What if the defense is able to obtain chemists, who will testify that once the meth is made, it is not mixed, diluted or adulterated simply by being in some liquid. I mean, once it's been turned into a salt and has precipitated out - even if not yet removed from the liquid, is it a separate substance merely lying underneath a liquid? I suppose also that a chemist expert could testify at some point that the meth at the bottom of a container is not adulterated/diluted by the liquid above (and from which it came), any more than dried meth is adulterated/diluted by the air surrounding it. Of course, you could then argue about whether the undried meth in the liquid is suitable for consumption and that's how to distinguish it from dried meth arguably ready for consumption (prior to any cutting).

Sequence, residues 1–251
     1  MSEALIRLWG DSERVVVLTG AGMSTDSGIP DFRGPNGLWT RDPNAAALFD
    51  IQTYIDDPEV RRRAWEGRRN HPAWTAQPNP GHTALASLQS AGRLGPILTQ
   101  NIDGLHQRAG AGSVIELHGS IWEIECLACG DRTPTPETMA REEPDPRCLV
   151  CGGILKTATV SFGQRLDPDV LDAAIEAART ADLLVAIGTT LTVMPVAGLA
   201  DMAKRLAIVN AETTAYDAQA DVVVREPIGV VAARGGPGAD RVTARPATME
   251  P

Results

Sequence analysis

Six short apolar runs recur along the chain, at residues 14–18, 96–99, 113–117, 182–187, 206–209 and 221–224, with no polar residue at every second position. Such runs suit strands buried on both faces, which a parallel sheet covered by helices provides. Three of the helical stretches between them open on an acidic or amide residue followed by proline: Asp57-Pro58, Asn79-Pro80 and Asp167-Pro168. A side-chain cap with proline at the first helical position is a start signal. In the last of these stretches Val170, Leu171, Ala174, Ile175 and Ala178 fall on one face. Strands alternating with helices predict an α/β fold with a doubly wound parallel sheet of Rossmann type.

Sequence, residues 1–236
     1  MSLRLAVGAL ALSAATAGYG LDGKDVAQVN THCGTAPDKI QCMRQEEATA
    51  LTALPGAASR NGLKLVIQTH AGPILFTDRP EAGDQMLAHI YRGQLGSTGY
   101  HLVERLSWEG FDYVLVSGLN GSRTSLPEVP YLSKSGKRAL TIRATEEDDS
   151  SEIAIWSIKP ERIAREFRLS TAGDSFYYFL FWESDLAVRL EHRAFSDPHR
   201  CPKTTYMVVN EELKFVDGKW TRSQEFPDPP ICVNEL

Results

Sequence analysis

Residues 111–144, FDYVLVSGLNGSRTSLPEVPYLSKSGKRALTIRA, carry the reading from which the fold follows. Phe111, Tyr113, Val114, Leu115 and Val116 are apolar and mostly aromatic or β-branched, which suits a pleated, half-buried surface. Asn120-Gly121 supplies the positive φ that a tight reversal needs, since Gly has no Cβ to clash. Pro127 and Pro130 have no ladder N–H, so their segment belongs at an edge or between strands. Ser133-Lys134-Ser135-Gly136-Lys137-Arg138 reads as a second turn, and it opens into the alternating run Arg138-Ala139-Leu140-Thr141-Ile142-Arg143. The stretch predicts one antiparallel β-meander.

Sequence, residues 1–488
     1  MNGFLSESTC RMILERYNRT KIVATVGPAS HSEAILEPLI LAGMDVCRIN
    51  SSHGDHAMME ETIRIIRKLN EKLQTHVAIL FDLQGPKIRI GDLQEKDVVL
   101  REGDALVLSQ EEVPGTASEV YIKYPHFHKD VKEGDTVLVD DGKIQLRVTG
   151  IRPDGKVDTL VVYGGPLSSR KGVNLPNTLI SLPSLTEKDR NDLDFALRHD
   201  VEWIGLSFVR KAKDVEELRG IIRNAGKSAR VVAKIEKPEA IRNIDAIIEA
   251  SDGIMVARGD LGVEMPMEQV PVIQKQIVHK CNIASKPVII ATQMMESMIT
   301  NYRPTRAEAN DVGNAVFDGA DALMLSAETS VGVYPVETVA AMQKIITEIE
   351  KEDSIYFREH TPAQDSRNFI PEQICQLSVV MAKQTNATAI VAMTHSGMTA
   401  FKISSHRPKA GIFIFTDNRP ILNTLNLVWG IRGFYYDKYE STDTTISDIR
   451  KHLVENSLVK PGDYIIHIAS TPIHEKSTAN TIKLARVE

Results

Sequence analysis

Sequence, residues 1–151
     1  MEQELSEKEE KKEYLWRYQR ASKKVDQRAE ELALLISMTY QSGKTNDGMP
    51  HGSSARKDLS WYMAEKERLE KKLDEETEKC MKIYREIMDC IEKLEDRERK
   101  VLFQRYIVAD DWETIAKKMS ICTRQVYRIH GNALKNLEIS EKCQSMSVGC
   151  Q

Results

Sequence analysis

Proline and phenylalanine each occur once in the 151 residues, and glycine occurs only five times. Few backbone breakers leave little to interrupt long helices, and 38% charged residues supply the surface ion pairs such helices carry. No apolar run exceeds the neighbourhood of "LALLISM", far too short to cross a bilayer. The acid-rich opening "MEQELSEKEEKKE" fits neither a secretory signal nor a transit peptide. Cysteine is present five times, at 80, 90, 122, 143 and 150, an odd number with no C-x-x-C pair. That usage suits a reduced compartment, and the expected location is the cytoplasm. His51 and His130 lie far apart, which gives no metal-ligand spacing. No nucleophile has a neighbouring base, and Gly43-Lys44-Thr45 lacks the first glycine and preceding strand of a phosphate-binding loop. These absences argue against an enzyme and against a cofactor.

June 24, 2004, 09:30Trey Hill
Or maybe we could get the legislature to amend the existing provisions and specifically include in the definitions of "adulterant & dilutant" any substance used a catalyst, or which contains a component of eventual methamphetamine?
Or even include the weights of the chemicals/substances used to make meth even if they were not used up totally in the cook? (i.e. extra ingredients/catalysts not used in the particular cook in question)
June 24, 2004, 13:03Tim Cole